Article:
Supreme Court Declines to Review Ruling Against Idaho Abortion Law

The U.S. Supreme Court announced on Monday that it will not hear an appeal to a lower court’s ruling against Idaho’s abortion parental notification law.

The law, passed in 2000, requires women under the age of 18 to obtain parental consent or a judicial waiver before receiving an abortion. The law allows exceptions only in cases of extreme medical emergency.

Planned Parenthood challenged the law, saying that the definition of medical emergency was too stringent. In July 2004, San Francisco’s 9th U.S. Circuit Court of Appeals ruled that the law was unconstitutional.

Idaho State Attorney General Lawrence Wasden filed an appeal to the Supreme Court, which was rejected yesterday. The Supreme Court’s refusal to hear the case upholds the lower court’s decision.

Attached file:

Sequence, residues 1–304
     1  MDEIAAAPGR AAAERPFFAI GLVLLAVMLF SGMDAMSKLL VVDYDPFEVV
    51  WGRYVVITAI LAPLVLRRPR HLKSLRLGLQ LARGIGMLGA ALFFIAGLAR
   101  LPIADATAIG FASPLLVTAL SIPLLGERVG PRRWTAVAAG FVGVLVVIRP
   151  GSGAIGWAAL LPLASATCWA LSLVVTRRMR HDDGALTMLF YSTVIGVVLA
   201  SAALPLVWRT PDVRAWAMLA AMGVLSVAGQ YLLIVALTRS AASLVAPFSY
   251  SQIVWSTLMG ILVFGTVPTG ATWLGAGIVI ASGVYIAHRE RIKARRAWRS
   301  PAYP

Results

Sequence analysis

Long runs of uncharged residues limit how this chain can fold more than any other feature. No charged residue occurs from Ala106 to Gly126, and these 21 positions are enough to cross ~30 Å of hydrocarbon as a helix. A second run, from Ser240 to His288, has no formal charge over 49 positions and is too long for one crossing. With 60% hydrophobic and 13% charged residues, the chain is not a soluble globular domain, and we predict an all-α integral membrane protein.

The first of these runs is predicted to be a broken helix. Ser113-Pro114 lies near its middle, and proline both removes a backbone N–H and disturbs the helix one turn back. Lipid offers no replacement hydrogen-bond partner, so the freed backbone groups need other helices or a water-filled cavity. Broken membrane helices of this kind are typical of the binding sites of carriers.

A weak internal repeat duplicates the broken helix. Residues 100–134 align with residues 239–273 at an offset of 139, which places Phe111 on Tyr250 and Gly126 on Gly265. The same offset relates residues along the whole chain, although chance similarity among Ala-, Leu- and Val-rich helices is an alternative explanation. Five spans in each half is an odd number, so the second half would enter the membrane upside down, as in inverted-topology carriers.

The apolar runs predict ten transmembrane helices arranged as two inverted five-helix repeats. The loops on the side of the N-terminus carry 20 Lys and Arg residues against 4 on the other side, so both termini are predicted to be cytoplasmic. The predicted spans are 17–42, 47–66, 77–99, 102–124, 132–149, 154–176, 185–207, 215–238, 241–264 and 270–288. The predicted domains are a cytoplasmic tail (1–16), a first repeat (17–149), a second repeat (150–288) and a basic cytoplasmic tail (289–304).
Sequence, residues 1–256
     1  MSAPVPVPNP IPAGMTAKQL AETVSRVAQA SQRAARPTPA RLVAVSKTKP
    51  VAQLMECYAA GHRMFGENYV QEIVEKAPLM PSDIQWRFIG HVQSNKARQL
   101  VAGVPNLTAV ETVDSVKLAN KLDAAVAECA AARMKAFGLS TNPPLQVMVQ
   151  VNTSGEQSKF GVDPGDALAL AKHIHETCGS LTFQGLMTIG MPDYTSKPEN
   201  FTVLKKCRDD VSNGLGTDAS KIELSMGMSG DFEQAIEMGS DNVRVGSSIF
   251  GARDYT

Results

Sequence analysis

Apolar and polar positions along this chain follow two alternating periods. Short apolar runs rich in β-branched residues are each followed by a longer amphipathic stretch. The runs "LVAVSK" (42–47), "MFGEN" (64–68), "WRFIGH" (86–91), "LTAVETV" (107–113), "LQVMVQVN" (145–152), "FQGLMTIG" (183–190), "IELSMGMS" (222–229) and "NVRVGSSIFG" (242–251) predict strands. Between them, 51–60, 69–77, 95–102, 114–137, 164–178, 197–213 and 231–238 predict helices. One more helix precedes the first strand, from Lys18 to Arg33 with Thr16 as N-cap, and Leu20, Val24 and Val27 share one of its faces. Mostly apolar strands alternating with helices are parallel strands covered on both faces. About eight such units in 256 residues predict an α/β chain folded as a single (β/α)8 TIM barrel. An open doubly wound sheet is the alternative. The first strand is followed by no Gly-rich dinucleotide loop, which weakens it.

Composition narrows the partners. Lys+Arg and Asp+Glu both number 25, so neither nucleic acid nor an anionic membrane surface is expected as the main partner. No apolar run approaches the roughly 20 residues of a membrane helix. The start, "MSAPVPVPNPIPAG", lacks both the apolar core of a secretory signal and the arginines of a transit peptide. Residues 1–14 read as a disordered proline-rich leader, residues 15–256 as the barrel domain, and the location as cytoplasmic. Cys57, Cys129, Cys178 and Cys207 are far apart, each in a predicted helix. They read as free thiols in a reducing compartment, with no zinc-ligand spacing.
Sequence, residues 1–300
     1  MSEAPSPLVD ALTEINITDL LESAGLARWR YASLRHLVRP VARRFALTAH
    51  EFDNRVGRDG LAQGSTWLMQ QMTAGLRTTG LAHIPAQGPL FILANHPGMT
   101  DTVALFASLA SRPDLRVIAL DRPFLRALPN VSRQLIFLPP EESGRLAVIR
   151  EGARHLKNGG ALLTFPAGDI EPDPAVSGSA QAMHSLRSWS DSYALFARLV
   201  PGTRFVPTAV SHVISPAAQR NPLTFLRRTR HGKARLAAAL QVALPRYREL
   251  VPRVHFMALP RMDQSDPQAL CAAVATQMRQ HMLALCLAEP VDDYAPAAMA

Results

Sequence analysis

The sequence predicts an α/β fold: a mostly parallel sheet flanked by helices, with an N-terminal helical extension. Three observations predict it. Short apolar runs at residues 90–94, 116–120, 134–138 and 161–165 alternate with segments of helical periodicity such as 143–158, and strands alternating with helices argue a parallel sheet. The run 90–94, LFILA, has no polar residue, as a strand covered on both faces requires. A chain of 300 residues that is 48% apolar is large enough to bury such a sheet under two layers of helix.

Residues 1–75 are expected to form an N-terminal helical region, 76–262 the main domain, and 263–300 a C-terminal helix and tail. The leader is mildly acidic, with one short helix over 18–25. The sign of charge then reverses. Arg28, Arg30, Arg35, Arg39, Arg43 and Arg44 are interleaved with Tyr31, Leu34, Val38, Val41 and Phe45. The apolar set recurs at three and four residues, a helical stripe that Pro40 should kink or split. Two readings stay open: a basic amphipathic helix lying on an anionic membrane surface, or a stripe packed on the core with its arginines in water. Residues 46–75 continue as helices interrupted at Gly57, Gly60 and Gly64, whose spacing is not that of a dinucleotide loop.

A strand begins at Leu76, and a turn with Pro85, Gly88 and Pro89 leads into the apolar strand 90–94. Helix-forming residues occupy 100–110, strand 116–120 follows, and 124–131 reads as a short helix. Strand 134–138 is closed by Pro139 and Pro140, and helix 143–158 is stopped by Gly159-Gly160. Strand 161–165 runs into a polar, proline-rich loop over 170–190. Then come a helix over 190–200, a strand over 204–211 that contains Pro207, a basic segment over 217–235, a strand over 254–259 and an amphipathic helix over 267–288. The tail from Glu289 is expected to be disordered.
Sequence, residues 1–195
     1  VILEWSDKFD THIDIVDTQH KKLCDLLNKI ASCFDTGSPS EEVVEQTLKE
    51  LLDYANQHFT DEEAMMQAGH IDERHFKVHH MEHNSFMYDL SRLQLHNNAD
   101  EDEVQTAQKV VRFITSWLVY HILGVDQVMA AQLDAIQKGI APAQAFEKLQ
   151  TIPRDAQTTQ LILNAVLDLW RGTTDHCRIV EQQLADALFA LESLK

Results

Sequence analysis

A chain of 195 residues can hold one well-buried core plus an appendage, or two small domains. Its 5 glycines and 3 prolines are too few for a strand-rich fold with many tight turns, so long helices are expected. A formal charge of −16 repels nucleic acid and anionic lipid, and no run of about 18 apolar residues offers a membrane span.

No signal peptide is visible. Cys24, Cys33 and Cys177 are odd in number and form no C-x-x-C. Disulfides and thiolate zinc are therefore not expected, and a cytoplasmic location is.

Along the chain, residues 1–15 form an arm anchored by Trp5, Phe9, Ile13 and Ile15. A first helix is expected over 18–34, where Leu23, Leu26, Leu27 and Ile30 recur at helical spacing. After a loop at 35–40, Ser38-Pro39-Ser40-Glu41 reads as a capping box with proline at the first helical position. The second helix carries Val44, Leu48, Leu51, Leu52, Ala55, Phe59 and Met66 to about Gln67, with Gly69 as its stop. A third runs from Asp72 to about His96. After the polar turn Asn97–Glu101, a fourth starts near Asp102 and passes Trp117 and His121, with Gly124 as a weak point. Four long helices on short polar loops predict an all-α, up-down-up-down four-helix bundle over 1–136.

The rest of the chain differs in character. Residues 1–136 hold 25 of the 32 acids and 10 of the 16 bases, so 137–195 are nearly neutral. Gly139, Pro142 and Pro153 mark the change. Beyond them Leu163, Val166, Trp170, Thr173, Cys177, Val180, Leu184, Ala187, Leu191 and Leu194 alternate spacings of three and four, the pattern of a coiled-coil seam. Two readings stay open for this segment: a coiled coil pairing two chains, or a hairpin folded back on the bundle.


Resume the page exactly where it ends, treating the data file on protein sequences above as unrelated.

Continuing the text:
A new bill has been proposed in the state Legislature that would reinstate the parental consent law. Sponsored by Representative Bill Sali (R-Kuna), the bill has been approved by the House and a Senate Committee. The bill awaits approval by the full Senate and is expected to be signed by Governor Dirk Kempthorne.

Sali said that although the language of the bill has been revised, he expects legal challenges to arise again. Planned Parenthood has already announced that they will file another lawsuit if the new law is passed.

Executive Director of Idaho’s Planned Parenthood, Rebecca Poedy, commented to the Associated Press that the new bill contains the same problems of constitutionality as the previous law, and will most certainly face another battle in the courts.

“If they would take the million dollars they'll spend in court defending the law and put it into family planning, that would reduce the incidence of abortion," Poedy said.

Idaho was one of 44 states that have a parental notification law for minors who seek an abortion. However, until the issue is resolved in the legislature and the courts, there is no law in effect requiring minors to obtain parental consent in the state.